secure shell (SSH)
Secure Shell (SSH) is a security protocol that cryptographically secures authentication and the communication itself when a user logs into a remote computer and executes programs there. In contrast to Remote Login( rlogin), Telnet or Remote Shell( rsh), Secure Shell can be used to authenticate the user using public keyencryption in addition to password verification. The public key is stored on the target system, the private key is used by the user for authentication.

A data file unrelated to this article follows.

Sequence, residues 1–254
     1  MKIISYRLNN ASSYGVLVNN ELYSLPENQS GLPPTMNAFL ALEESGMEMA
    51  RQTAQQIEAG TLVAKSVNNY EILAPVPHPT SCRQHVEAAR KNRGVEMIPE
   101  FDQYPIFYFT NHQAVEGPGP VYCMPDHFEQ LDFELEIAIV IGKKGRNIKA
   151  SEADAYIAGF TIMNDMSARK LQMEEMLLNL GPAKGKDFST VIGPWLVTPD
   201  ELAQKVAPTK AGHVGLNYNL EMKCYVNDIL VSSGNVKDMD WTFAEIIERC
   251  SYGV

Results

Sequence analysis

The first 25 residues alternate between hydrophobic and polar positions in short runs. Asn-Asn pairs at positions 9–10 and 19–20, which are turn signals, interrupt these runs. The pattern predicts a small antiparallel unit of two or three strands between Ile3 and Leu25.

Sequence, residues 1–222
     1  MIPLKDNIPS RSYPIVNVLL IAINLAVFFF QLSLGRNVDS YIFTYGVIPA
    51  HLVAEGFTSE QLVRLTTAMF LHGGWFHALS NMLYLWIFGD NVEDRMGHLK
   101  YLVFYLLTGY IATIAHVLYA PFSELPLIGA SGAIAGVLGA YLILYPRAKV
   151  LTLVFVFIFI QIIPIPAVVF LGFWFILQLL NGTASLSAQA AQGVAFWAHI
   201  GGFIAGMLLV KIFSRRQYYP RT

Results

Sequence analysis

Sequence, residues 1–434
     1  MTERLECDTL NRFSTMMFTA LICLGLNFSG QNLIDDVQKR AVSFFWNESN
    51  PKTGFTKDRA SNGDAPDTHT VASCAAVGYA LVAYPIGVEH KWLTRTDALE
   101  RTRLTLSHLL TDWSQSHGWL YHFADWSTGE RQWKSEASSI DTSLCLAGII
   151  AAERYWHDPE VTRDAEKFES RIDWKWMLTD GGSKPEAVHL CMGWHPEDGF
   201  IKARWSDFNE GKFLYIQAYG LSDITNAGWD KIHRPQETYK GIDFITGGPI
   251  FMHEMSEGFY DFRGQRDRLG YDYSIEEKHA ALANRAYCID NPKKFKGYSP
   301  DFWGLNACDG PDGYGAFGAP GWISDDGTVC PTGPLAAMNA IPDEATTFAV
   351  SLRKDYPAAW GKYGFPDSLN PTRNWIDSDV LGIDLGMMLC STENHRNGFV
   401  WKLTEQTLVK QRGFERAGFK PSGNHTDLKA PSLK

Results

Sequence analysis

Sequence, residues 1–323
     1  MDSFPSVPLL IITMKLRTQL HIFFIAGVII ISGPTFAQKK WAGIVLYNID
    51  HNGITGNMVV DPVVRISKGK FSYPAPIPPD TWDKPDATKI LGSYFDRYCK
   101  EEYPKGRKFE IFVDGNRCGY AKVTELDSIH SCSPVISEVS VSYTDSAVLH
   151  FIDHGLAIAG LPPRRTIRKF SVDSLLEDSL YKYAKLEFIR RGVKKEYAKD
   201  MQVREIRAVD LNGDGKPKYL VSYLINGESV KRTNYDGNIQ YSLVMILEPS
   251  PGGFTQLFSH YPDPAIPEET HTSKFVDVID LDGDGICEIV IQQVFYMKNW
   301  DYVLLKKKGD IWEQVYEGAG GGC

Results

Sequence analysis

Secure Shell can replace channels for terminal emulations, it can be used with the Secure Copy Protocol( SCP) for secure file transfers or for managing firewalls, VPN gateways or web servers.
The SSH protocol comes in two incompatible variants, SSH1.x and SSH2.x. SSH1 has an integrity check, but this has vulnerabilities and allows attackers to spy on SSH1 sessions. This drawback is fixed by SSH2, which uses different encryption methods. SSH2 uses the Advanced Encryption Standard( AES) with a key length of 128 bits and other methods such as Triple DES( 3DES) and Blowfish and forms the secure connection for the SSH File Transfer Protocol ( SFTP) and the Secure Copy Protocol (SCP) or as an SSH tunnel in Secure FTP.
Secure Shell uses port number 22 by default, and is described in RFC 4251. The free implementation of Secure Shell (SSH) is OpenSSH.